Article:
Use of antimicrobials and its association with biosecurity in nine Finnish farrow-to-finish pig herds

Jinhyeon Yun, Johanna Muurinen, Leena Seppä-Lassila, Virpi Sali, Olli Aarno Tapio Peltoniemi, Mari Leena Heinonen

Research output: Conference materialsPosterpeer-review


The use of antimicrobials in pig production is relatively low in Finland compared with other European countries, because it is only recommended for therapeutic purposes. However, since the pigs are often treated based on the diagnosis of herd personnel, it is doubtful whether antimicrobials are being used prudently. The present study therefore investigates antimicrobial usage (AMU) administered in the Finnish pig herds, and its association with the biosecurity status of the herds, in order to identify best practices for the prudent use of antimicrobials. In total, nine farrow-to-finish pig herds in western Finland were included in the study. The number of animals were collected through the Finnish Swine Registry system. Data for the use of antimicrobials during one year before the first herd visit (1Y) were collected from the National Health Classification Registry program that provides dates and indications for treatments and types and dosages of antimicrobials used for different age groups. AMU was calculated as the amount (mg) of active substance used per population correction unit (kg) in different age categories during 1Y. The biosecurity status of the study herds were scored using the Biocheck.UGentTM. The AMU for suckling piglets was higher than those for fatteners (55 mg/kg ± 111 vs. 6 ± 5, P < 0.05), and tended to be higher than those for weaners or breeders (vs. 14 ± 24 or 17 ± 18, P < 0.10, for both). Of the total six active ingredients, Penicillin was the most commonly (65 %) used on the nine study herds, and it was most frequently used for suckling piglets during this 1Y period. AMU for weaners was correlated with internal biosecurity sub-categories, i.e. ‘cleaning and disinfection’ (n = 9, r2 = 0.71, P < 0.05). Consequently, suckling piglets is the age group with the biggest AMU compared with the other age groups in the study herds where antimicrobials are used for therapeutic purpose. It can be speculated that the need for the treatment of the pigs might be increased in the herds, if the farmers have had more opportunities to observe the health status of the pigs. However, further study will be needed to demonstrate the causal relationship between antimicrobial usage and farmers` attitude.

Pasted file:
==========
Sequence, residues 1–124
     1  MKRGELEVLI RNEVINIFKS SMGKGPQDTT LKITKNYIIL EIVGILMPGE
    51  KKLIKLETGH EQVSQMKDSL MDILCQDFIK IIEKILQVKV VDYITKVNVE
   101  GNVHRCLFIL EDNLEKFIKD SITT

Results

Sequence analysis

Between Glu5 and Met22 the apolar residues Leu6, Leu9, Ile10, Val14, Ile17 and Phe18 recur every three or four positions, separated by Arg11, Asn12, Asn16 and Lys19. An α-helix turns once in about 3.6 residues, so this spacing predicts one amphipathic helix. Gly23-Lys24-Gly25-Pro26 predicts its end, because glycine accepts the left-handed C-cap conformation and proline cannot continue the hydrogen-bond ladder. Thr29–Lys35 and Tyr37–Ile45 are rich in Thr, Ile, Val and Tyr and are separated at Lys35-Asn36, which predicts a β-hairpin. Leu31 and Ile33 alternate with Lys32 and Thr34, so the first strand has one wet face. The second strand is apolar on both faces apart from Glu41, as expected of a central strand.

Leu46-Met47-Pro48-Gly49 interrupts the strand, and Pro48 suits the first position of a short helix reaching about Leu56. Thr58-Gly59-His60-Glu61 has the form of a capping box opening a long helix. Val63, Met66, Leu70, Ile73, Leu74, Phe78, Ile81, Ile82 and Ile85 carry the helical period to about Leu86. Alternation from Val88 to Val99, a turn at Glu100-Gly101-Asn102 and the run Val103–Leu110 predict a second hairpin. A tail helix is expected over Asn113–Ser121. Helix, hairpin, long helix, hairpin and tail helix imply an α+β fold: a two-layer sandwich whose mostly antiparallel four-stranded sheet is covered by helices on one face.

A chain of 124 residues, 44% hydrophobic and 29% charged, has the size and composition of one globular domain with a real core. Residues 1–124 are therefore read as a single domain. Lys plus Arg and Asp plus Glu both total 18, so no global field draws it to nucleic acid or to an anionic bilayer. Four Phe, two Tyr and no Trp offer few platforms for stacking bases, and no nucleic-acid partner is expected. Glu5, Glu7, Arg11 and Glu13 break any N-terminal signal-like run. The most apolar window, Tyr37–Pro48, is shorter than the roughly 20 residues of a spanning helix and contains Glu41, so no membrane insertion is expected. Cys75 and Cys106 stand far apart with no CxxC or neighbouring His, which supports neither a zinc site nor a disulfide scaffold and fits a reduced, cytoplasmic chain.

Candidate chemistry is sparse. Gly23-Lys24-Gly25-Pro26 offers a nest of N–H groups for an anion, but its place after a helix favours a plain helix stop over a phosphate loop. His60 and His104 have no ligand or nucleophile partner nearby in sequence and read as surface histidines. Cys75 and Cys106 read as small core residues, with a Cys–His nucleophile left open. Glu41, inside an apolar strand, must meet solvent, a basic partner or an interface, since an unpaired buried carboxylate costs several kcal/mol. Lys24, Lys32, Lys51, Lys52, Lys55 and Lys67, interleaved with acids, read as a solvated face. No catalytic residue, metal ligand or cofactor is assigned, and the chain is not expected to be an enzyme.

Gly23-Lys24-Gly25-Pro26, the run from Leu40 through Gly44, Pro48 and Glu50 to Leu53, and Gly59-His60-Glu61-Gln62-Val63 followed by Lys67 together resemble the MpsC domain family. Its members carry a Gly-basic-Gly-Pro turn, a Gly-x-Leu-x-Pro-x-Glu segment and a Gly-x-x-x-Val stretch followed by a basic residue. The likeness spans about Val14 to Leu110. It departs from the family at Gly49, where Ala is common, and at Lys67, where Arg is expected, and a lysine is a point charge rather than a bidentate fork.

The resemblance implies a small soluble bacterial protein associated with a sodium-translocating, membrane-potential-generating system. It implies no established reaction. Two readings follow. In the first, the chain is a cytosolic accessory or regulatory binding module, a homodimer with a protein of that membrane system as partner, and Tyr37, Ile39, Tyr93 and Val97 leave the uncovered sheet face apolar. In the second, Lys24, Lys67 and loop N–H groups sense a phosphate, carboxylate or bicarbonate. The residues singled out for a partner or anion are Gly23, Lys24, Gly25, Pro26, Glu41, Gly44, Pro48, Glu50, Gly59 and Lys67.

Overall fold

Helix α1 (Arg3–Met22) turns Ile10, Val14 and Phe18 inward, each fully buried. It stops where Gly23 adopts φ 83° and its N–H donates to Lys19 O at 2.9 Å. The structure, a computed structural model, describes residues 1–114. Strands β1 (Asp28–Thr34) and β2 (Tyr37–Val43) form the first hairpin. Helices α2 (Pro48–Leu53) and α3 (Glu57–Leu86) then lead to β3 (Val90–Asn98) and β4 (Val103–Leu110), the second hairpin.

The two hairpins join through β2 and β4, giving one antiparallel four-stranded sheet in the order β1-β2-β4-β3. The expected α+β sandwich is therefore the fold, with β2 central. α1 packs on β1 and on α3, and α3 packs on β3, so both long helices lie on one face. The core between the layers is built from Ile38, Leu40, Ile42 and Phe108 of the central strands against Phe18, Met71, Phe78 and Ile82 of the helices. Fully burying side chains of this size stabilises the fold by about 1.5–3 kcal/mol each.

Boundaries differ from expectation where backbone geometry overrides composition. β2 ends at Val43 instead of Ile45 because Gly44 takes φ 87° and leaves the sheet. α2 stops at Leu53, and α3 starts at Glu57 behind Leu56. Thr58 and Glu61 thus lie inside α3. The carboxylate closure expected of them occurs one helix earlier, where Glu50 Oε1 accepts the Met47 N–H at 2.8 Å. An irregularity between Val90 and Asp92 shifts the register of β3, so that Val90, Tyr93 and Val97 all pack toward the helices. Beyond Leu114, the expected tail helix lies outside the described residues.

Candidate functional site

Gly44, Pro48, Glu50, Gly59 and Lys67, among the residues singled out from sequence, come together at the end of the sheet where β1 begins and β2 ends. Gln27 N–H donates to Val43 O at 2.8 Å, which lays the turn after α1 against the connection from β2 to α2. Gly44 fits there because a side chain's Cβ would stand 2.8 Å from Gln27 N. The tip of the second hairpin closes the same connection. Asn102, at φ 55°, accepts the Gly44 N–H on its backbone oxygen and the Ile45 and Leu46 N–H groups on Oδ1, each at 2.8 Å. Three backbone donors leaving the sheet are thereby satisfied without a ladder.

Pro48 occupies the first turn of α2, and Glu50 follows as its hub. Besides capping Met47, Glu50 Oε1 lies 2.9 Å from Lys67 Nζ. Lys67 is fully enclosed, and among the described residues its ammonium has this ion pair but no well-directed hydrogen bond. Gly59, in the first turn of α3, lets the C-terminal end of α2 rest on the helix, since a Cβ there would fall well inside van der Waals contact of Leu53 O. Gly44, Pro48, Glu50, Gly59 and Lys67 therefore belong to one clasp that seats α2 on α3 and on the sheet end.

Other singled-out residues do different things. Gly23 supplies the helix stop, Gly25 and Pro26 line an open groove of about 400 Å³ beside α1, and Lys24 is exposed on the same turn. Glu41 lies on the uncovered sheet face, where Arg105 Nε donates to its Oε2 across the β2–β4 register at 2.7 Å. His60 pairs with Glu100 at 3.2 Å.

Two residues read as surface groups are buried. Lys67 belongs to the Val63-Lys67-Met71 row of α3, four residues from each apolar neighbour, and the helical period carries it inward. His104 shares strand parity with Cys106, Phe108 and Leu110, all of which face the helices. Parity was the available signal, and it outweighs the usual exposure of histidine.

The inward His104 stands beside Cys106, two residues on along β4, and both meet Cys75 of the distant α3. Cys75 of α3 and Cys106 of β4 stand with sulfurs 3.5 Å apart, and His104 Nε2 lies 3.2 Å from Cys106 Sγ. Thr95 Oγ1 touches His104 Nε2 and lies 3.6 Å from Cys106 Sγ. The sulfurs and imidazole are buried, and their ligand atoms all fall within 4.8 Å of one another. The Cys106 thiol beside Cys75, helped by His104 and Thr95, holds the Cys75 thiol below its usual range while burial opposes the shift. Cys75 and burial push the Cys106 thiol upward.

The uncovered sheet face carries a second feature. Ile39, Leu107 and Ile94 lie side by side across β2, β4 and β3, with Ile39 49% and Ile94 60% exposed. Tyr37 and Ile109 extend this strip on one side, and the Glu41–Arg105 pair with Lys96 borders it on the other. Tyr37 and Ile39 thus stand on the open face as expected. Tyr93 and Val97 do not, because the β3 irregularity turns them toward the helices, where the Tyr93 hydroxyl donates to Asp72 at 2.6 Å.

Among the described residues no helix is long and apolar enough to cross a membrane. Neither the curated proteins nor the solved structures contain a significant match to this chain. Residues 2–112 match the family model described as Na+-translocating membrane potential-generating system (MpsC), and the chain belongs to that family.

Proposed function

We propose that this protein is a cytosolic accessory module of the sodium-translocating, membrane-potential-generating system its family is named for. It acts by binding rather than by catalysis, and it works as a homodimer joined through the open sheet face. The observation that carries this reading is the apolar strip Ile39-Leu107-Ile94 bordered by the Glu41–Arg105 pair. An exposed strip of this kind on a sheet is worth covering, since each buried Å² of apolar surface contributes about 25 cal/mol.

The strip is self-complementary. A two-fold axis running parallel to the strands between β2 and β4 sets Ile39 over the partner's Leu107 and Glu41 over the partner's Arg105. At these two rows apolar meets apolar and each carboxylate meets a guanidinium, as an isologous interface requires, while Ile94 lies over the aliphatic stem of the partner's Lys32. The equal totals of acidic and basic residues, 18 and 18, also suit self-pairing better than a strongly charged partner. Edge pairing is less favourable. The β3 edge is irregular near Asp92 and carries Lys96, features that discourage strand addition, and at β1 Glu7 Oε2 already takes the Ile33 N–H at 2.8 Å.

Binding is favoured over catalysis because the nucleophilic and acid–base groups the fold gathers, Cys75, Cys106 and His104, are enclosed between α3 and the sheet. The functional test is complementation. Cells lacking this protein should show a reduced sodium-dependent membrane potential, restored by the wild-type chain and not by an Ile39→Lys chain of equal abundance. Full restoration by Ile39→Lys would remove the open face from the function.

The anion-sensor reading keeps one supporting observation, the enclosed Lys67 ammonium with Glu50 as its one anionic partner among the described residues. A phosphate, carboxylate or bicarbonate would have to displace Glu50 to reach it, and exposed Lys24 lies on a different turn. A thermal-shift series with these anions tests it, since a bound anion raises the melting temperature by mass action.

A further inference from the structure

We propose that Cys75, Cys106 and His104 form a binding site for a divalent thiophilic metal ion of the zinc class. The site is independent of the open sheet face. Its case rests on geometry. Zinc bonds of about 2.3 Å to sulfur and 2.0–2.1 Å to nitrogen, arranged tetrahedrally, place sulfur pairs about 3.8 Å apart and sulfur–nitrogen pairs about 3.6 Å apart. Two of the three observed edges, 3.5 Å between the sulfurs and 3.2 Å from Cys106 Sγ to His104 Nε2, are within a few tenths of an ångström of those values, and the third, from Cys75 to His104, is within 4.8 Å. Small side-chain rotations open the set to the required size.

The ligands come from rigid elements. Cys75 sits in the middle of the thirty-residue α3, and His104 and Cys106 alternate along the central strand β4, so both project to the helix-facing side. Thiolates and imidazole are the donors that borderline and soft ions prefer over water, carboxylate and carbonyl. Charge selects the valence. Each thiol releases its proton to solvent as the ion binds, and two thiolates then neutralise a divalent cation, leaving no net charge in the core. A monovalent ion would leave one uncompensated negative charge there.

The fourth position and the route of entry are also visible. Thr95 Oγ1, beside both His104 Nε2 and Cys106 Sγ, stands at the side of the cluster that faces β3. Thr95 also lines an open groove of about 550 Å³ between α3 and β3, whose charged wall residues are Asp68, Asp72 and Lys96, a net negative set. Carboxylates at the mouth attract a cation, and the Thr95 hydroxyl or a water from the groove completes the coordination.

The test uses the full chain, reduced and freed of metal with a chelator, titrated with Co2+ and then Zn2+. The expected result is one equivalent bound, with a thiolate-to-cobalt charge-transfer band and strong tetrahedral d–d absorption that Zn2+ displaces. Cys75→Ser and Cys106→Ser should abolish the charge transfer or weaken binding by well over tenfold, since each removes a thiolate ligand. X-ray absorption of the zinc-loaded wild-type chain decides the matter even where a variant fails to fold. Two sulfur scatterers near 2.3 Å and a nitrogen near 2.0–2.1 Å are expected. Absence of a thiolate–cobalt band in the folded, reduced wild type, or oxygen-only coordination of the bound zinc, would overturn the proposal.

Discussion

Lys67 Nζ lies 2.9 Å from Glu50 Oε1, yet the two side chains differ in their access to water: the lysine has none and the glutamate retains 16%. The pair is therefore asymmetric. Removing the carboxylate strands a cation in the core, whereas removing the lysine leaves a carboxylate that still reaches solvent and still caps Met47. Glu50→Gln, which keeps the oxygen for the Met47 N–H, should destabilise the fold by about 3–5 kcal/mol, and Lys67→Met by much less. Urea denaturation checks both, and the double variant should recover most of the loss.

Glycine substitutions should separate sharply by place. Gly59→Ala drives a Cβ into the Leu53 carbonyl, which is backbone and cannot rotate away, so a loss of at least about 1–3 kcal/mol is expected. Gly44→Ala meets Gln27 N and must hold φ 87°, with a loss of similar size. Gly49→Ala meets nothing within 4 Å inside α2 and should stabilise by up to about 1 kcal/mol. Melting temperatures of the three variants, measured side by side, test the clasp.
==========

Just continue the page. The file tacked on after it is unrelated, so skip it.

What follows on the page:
Original languageEnglish
Publication statusPublished - 16 Oct 2018
MoE publication typeNot Eligible
EventInternational Conference on Antimicrobial Agents in Veterinary Medicine - Rome, Italy
Duration: 16 Oct 201819 Oct 2018


ConferenceInternational Conference on Antimicrobial Agents in Veterinary Medicine
Internet address

Fields of Science

  • 413 Veterinary science

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